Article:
Paris Fabric Hunting!
Initially I had my mind set on perusing textile museums in Paris, and the like…but then, in keeping with the whole Paris Fashion Project mind-set- I decided to go rogue instead! Yes! Shopping like a local in the traditional, long-standing textile shops is what I decided would be way more fun. So off we went to the Montmartre district; known for its artists, craftsman and all that is creative.
I particularly enjoyed the little winding roads that brought us right in the heart of the textile shops- everything so quaint and picturesque. I felt like I was walking into a past era- which although quite historical, was especially vibrant and still quite contemporary. So, on this rainy day- seems like it always rains in Paris- off we started at Marche Saint Pierre.
Wanna see what’s inside- Let’s go!
It felt like I was living the 1940’s- I loved it! Let’s take a look at the textiles themselves. Starting off, we have samples sold by the metre of Wax textiles; African fabric and motifs. There’s a whole history behind these that I suppose I will have to do a post just on this one day!
A Marie-Antoinette Kind of Vibe
Next, I was in France, obviously I wanted to check out their Toile de Jouy! This fabric was particularly in style during the 17th and 18th century, not only in the high courts, palaces, but also in the salons of the bourgeoisie. These decorated walls and furniture as well. Let’s take a look!
What also amazed me was the multitude of colourful leather fabric. I’m so used to seeing these only n specialty stores. Usually we get such choices in faux leather (which is overly abundant thee days). Loved the brilliant colours displayed.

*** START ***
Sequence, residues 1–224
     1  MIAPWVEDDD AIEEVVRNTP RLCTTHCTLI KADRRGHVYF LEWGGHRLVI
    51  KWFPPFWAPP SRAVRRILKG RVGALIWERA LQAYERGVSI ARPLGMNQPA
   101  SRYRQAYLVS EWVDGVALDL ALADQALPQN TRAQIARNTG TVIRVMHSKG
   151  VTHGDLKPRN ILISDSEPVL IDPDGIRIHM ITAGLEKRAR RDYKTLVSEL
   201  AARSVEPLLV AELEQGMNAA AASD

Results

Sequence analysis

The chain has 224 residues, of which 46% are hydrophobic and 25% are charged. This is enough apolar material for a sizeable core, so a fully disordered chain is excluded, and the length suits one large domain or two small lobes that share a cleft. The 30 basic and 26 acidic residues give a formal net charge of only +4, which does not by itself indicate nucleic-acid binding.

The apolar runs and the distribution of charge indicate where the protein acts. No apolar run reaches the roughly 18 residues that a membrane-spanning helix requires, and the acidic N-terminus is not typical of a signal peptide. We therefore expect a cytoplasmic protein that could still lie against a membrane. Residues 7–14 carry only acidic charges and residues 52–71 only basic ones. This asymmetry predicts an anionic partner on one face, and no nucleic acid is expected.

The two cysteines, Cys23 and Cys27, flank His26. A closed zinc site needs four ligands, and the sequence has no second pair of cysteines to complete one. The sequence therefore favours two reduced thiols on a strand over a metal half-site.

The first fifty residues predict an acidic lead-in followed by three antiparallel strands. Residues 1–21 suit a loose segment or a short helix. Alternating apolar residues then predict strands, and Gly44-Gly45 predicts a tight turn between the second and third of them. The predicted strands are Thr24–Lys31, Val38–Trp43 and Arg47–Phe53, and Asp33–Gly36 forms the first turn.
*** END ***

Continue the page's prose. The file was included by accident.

And Along Came Tapestry
Another fabric that I love and collect is tapestry. And I was delighted to find large pre-cut swatches that I could use for numerous arts and craft projects. I personally love painting and embroidering on tapestry. Look at the gems I found!
So many floors in this place- it was time to check out the deals in the couture section of this fabric haven; in the basement.
What’s the Difference?
I am a total goner for luscious, elaborately ornate textiles. I love lace especially- with Guipure being my absolute favourite. I bought a meter for a possible shawl, but mostly to cut off swatches for some of my students. Guipure de Paris…le sigh!
Did you know there is actually a difference between lace, guipure and embroidery? Oh yes. So lace is worked within a mesh base (there are no gaps or openings). Guipure is worked on a paper-like foundation which is then torn off, leaving the beautiful open work that you see above. Lastly, embroidery is worked over an actual textile base; think not only threading, but sequins for example. And yet- they all feel like they’re from the same family. Well one thing that’s true, is that they all need a sort of needling to be be worked on- and they can certainly all be done by hand as well. Here’s some beautiful lace:
And these are types of embroidered fabrics that can all still be confused with lace (and it would not really matter if you called them as such! It’s become almost generic). But in actuality you can really see the difference with the purple one that is sequined.
We then walked around some more (this took the whole day!), and walked into another gem of a place.
In here, I found the most beautiful flocked fabrics, brocades and jacquards. I guess the difference between all these types of textiles will be for another time! (Let me know if you’re interested).
I could lose myself in all this deliciousness. Truly, fabrics are the fashion designer’s medium- as paint brushes are the artist’s medium…and from these will flourish the creations that will then adorn the human body; the canvas.
What a fabulous day in Paris- rain and all!
Do you enjoy shopping for fabric? Are you a collector or a creator? I’m a bit of both.